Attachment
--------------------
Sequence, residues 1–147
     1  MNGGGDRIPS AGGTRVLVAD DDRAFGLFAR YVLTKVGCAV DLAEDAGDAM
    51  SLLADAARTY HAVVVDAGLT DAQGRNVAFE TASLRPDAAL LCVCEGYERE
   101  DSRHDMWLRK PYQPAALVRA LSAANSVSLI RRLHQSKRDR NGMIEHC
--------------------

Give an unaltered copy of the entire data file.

Sequence, residues 1–147
     1  MNGGGDRIPS AGGTRVLVAD DDRAFGLFAR YVLTKVGCAV DLAEDAGDAM
    51  SLLADAARTY HAVVVDAGLT DAQGRNVAFE TASLRPDAAL LCVCEGYERE
   101  DSRHDMWLRK PYQPAALVRA LSAANSVSLI RRLHQSKRDR NGMIEHC